By Madeline Hawkins – Health Policy Intern
Last week, Community Servings had the honor of hosting Congressman James McGovern, Chair of the Rules Committee, and Rules Committee Members Representatives Mark DeSaulnier (D-CA) and Ed Perlmutter (D-CO). Their visit was part of the Committee’s current exploration of strategies to end hunger in the United States by 2030. It began with a tour of our state-of-the-art kitchens and concluded with a discussion with two of our clients and a graduate of our foodservice job-training program – The Teaching Kitchen. During the visit, we shared our support for three of the Rules Committee’s initiatives— the convening of a White House Conference on Food, Nutrition, Hunger, and Health, the passage of Chairman McGovern’s Resolution around Nutrition Education Requirements in Medical Schools, and the Medically Tailored Meals Pilot Demonstration Act of 2021.
We are excited to share that the House and Senate budgets include funding for a White House Conference on Food, Nutrition, Hunger, and Health! The conference is necessary to establish a united, national approach to hunger. The last meeting was held in 1969 and resulted in creating SNAP, WIC, and other monumental nutrition programs. However, given the growing evidence establishing the connection between hunger and health, we believe it is beyond time for a second conference. Such an event has the potential to create a comprehensive plan for the country to address the issue of food and nutrition insecurity with policy solutions focusing on the impact of nutrition on health and well-being through the lens of social, racial, and economic justice.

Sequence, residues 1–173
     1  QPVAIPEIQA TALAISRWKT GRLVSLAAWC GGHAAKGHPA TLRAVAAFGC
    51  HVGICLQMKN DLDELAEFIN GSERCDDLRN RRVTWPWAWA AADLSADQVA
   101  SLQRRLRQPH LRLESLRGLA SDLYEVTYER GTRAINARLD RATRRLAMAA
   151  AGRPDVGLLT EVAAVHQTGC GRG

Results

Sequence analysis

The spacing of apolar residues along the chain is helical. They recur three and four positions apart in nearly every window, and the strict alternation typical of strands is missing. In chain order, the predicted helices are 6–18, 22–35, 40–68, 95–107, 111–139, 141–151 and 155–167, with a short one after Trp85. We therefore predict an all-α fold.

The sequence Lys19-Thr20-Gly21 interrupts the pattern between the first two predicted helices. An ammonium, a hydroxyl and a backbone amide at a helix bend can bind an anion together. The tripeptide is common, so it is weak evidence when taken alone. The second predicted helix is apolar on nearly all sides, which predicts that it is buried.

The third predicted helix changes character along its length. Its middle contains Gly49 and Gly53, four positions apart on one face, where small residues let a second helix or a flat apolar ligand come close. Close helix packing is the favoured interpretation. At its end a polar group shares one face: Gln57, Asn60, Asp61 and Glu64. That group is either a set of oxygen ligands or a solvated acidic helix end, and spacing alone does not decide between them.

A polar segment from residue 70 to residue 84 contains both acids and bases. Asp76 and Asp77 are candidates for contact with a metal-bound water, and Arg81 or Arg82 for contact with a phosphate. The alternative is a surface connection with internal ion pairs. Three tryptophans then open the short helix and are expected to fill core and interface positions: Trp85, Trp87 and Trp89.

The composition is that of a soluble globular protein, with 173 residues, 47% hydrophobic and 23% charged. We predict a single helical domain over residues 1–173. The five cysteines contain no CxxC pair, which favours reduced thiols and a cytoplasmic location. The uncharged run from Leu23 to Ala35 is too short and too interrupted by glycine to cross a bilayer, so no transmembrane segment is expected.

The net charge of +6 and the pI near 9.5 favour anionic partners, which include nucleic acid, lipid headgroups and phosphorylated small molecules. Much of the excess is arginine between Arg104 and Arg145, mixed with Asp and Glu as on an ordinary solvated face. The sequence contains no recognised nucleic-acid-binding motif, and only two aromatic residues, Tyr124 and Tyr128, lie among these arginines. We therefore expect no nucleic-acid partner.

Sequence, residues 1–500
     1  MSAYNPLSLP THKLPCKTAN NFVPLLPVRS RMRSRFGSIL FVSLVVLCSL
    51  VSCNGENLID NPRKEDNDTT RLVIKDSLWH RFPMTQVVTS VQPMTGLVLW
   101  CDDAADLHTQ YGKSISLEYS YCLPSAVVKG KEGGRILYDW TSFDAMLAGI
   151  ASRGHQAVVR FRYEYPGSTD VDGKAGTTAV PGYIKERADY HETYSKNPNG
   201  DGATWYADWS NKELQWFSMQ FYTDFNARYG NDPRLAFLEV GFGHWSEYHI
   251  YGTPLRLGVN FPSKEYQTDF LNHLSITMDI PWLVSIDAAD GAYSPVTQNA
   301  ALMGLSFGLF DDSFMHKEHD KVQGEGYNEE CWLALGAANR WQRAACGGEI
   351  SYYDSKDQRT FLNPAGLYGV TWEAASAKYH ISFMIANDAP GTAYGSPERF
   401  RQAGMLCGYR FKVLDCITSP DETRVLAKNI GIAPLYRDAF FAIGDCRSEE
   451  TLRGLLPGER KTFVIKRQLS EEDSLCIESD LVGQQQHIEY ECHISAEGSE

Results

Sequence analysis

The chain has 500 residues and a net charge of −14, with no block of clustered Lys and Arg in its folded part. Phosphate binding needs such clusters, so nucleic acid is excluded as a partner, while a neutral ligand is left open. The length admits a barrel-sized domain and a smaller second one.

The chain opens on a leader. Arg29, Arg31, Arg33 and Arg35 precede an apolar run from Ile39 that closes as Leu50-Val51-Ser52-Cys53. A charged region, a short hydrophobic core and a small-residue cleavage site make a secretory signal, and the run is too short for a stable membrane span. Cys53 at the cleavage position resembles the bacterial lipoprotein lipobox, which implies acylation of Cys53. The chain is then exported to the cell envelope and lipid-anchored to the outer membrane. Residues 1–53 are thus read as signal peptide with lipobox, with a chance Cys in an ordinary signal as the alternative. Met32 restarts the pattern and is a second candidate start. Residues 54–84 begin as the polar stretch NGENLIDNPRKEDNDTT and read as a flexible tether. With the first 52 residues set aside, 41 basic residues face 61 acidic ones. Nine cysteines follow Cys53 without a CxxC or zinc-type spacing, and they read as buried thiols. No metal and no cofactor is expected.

Community Servings enthusiastically supports nutrition education requirements for medical students. Currently, medical students devote less than 1% of their lecture hours to nutrition, despite the fact that physicians have an opportunity to play an extensive role in their patients’ diet. Therefore, we applaud Chairman McGovern’s push for medical schools to include nutrition education in their curriculum.
The MTM Pilot Demonstration Act would substantially expand access to the Medically Tailored Meals (MTM) intervention. Specifically, the legislation would provide MTMs to individuals experiencing diet-related illness enrolled in Medicare after being referred by a healthcare professional or plan. Designed by Registered Dietitian Nutritionists, MTMs provide customized nutrition to individuals based on their medical needs. Community Servings supports this legislation because it would expand access to MTMs, improve the health of Medicare recipients, and yield significant cost-savings to the Medicare program.
We are grateful for Congressman McGovern and the Rules Committee’s commitment to addressing hunger and nutrition insecurity. We look forward to continuing the conversations about future legislation and innovative policies to improve individuals’ health, well-being, and quality of life in Massachusetts and across the country.